28. Are there any mandatory fees?

Check if there are any additional monthly fees in the lease beyond rent. These could include community association fees, business fees, municipal fees, or other mandatory costs. Factor these fees into your housing budget.

29. What are the consequences of late rent?

Find out about the policies and penalties for late rent payments to avoid unnecessary fees. Many apartments allow some type of grace period, but once late fees set in, they can increase daily or weekly the longer the rent goes unpaid. Eviction procedures usually begin after 30 days after rent has gone unpaid, so be aware of penalties to stay on top of each month's rent.

30. Are any move-in specials offered?

Ask the leasing agent if they offer any specials or promotions for signing a new lease. Some properties run rent concessions like reduced deposits, free first month's rent, or gift cards to entice potential tenants.

31. How are packages handled?

Ask where packages are received and the process for retrieving them. Many apartments have package locker rooms or mailrooms. Understand the hours for access and if you'll get email or text notifications when a delivery arrives.

Make sure the package system is secure, convenient, and accommodates your schedule to reduce theft risk.

32. What security measures control building access?

Look for secure access points like locked entry and exits, video surveillance, keyed or electronic elevators, and stairwell access. Ask if there are security guards or door attendants on-site for assistance, and if the apartments require you to use a keycard for building access. You can also check if the landlord allows you to install a security system for your individual unit.

33. What are the maintenance and management policies?

How do tenants put in maintenance requests? In your apartment hunt, you'll want to confirm that there's a way to reach the management office or other support to handle issues and emergency repairs.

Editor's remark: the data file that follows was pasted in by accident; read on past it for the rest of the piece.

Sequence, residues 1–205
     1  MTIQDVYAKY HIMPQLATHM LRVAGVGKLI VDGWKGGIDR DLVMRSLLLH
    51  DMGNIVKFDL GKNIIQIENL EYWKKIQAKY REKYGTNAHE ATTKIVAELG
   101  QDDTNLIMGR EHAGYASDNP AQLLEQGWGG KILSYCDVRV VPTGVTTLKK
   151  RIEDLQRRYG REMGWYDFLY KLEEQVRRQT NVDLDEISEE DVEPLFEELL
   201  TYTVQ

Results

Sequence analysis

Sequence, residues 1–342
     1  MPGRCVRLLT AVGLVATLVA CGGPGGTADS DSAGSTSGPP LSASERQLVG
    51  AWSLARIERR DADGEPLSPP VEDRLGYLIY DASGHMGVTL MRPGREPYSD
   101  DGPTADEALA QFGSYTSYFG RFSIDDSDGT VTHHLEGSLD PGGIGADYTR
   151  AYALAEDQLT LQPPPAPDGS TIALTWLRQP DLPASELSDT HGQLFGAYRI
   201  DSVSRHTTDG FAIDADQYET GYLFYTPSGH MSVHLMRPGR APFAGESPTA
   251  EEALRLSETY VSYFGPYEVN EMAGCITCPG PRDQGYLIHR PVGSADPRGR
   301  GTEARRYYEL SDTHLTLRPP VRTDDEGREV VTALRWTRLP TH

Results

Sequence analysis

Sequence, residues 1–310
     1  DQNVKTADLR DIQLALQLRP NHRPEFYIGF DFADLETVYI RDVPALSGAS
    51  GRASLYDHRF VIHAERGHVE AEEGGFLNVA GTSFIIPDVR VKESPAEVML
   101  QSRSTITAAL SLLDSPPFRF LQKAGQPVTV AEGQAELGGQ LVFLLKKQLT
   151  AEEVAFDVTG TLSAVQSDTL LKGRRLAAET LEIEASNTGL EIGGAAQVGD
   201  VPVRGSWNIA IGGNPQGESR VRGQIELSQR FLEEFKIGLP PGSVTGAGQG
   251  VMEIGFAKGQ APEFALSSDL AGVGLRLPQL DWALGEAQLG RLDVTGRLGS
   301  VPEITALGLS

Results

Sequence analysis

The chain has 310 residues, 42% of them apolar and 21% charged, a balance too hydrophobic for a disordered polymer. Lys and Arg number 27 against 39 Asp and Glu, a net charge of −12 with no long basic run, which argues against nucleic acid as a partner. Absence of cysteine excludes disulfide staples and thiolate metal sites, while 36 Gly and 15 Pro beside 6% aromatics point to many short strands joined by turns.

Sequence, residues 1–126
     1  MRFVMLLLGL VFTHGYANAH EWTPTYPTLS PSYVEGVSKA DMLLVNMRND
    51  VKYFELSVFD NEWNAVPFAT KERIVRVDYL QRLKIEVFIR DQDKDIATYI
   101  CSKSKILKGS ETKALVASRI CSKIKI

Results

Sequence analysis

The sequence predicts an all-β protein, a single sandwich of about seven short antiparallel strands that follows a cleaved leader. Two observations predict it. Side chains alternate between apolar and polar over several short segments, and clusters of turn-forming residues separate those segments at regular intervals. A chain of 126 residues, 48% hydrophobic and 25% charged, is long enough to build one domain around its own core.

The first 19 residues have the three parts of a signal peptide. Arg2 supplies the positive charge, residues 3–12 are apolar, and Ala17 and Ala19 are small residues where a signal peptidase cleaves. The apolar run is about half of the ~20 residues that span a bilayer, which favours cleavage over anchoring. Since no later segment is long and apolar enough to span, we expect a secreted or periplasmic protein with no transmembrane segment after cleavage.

Questions to ask when renting an apartment

Finding the right apartment takes time and effort, but the hard work is worth it to set yourself up for a positive living experience. As you visit potential apartments, note which ones meet your must-haves and which you can envision calling home.

Try to picture yourself making your morning coffee in the kitchen, relaxing after work on the balcony, or cozying up with a book in the bedroom nook. Let yourself daydream a bit about your potential new apartment.

If the thought of living there sparks excitement, you'll know you're on the right track in your apartment search journey. Finding a space that aligns with your lifestyle, budget and personality will make all those questions and tours worthwhile.

What questions to ask when apartment hunting FAQs

How do you hunt for an apartment for the first time?

Make a list of must-haves, drive around preferred neighborhoods, and check online listings. Visit places in person, take notes, and don't rush the process.

What shouldn't I say to a landlord?

Avoid making disrespectful or offensive statements, such as criticizing the property's condition or making demands without considering the landlord's perspective.

What do you say when you want to see an apartment?

Briefly introduce yourself, mention the listing, and provide available days and times to schedule a showing. Share key details like your anticipated move-in date and follow up with questions.

Nichole Stohler

Nichole co-founded Gateway Private Equity Group, with a history of investments in single-family and multi-family properties, and now a specialization in hotel real estate investments. She is also the creator of NicsGuide.com, a blog dedicated to real estate investing.